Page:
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[whitespace] German doctor eludes past, speaker tells LG Rotarians

Los Gatos--Dr. Michael Franzblau resists the words "obsession" and "crusade," but if that's what people call his seven-year battle to bring a former Nazi doctor to justice, so be it.

Franzblau, who spent over $100,000 of his own money in his quest to bring a German doctor accused of killing handicapped children to trial, presented his lecture to a packed Los Gatos Rotary Club luncheon on April 18.

The 73-year-old dermatologist and UC-San Francisco medical ethics professor has pursued Dr. Hans Joachim Sewering since 1993. Sewering, a former SS party member, is accused of transferring disabled German Catholic children to Nazi "Healing Centers," where they were subject to brutal medical tests and eventual euthanasia.

Sewering continues to practice in Germany and has been the country's national medical association president three times. He has repeatedly denied any knowledge or involvement in the Nazi atrocities, despite the fact his signature appears on a number of the transfer orders. The German government also has denied Sewering's involvement.

"I would like the German medical profession to recognize that they have a stain on their honor by his continued presence," Franzblau, who has given over 100 guest lectures on the topic, said following the Rotary luncheon.

Franzblau's seven-year effort has been marked with small successes and failures. In 1995, he spent $62,500 on a full-page ad in the New York Times, asking "Why is the German state of Bavaria harboring an accused war criminal?" He has appeared on "60 Minutes," been to Germany seven times since 1993, and has hired a German attorney to try to get Sewering indicted.

"In every civilized country in the world," Franzblau told the Los Gatos Rotarians, "there is no statute of limitations on murder."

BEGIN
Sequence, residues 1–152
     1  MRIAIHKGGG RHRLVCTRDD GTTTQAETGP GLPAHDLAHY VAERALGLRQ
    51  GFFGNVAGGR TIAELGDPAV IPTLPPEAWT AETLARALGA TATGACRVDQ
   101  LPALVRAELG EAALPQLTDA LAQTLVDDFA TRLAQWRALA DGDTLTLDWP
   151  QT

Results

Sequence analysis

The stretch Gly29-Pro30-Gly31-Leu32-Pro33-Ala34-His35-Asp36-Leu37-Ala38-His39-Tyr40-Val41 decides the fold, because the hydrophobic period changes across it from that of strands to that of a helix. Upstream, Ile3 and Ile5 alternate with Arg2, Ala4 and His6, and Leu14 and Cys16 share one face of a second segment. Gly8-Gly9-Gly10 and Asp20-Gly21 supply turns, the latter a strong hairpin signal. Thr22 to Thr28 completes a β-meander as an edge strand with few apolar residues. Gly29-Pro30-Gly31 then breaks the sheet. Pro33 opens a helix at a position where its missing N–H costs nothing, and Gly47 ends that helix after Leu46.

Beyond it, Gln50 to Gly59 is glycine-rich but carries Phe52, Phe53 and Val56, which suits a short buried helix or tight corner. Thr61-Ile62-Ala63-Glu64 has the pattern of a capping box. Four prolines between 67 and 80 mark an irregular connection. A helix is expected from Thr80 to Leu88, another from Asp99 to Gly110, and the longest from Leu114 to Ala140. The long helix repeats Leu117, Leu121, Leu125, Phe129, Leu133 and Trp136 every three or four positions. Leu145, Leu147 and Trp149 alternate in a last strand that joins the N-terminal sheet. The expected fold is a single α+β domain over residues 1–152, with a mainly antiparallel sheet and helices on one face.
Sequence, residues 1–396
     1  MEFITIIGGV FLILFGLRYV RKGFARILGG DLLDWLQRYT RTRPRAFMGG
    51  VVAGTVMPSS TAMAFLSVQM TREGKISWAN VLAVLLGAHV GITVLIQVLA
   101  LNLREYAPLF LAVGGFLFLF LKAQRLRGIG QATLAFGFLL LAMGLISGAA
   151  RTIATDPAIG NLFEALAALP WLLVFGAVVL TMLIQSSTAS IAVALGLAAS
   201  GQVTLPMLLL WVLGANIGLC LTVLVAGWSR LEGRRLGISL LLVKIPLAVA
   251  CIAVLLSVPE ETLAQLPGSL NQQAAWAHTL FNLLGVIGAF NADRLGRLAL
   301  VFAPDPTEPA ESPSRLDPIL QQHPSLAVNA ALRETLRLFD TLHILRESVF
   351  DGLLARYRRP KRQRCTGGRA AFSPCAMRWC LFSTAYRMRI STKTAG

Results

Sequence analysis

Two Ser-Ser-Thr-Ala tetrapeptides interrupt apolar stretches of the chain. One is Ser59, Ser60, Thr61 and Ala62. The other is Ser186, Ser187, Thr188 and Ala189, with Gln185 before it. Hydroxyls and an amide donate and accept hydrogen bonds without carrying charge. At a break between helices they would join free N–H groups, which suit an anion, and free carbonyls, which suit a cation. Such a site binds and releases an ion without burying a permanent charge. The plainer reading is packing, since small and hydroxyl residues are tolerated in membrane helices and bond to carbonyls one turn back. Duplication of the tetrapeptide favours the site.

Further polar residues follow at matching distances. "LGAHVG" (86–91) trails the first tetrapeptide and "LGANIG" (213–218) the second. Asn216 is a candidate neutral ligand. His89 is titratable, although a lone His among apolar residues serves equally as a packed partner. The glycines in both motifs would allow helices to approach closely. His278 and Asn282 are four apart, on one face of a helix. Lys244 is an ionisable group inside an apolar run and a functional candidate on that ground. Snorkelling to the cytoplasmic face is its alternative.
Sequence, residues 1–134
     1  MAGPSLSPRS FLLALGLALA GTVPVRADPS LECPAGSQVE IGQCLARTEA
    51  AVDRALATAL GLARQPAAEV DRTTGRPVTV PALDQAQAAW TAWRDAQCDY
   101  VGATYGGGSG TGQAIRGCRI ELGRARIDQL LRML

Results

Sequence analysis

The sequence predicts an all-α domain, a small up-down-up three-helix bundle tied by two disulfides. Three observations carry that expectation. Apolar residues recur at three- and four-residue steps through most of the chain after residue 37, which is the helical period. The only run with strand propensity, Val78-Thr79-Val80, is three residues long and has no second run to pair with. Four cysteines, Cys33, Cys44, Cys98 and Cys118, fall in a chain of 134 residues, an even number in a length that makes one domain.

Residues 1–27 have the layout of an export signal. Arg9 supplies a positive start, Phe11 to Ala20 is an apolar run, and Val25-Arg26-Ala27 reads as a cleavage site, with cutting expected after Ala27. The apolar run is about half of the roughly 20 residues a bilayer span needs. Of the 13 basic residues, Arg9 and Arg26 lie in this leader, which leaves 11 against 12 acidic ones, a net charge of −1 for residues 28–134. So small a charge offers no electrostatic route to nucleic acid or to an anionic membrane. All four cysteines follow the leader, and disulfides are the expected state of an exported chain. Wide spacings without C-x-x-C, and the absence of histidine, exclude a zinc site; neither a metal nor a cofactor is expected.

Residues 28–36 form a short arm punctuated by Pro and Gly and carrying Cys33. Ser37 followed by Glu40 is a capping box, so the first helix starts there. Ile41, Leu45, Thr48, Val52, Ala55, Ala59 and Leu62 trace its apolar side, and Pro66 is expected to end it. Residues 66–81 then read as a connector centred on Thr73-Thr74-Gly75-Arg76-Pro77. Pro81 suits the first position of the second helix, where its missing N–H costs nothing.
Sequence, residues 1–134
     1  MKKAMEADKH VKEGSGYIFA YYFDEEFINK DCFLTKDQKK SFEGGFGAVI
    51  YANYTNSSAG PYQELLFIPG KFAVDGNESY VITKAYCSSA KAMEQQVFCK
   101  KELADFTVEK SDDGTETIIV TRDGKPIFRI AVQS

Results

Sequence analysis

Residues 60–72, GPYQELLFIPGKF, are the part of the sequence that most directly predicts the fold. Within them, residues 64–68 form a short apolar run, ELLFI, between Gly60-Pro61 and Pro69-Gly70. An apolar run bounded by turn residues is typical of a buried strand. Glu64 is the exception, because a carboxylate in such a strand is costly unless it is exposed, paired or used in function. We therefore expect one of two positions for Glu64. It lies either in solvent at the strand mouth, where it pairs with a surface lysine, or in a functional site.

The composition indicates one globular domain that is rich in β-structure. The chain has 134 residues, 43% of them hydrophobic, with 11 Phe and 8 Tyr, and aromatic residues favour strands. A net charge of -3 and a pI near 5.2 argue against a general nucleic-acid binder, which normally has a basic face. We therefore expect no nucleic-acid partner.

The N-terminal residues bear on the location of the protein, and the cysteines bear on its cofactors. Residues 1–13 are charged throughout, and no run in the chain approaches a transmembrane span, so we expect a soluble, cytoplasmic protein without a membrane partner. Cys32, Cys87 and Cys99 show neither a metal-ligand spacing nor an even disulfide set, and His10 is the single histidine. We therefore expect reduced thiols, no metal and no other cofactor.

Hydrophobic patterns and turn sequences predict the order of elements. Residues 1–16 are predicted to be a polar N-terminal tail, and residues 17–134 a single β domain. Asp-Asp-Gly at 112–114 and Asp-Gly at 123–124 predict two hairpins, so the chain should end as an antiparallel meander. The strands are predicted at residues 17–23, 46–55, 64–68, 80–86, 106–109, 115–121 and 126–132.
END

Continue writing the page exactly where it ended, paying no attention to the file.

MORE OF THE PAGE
But so far, Franzblau has been unable to bring Sewering to trial. The German medical profession has been extremely protective, as has the government, he said, which blocked his every attempt to get more information. Franzblau said that even the medical groups in the United States and Israel have suggested that he let the matter go. But the former Air Force cadet isn't about to give up.

"The minute you begin to cut corners on any moral basis, it gets easier and easier to do bad things," he said.

Franzblau's one real victory came in 1993, when he successfully challenged Sewering's nomination for president of the World Medical Association, a group created after the Nuremberg trials that advocates medical ethics. When Franzblau notified the association of Sewering's past, it demanded the German doctor's resignation. Sewering resigned, citing a "world Jewish conspiracy."

Since then, Franzblau has continued his efforts, lecturing on medical ethics and German medical atrocities at colleges, medical conventions, seminars and hospitals. Franzblau says that while Sewering's may be an individual case, the issue of doctors reserving their loyalty to patients is a much larger and more timeless issue.

"I feel an obligation to educate medical students throughout the United States on what can happen when doctors do not follow the oath they believe in," he said.

Franzblau has served on innumerable government and medical committees and boards, including the Medical Board of California and the American Medical Association. He has also volunteered his services for international health projects and worked with the United Way.

Franzblau says he is driven by a "moral imperative" and will continue his quest to expose Sewering until he is unable to do so. "I am a physician, an American and a Jew," he said. "These folks on one day murdered 26 members of my immediate family. I have a moral responsibility to my dead relatives who cannot protest, to make sure something like this never occurs again."
Nathan R. Huff

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Web extra to the April 27-May 3, 2000 issue of Metro.

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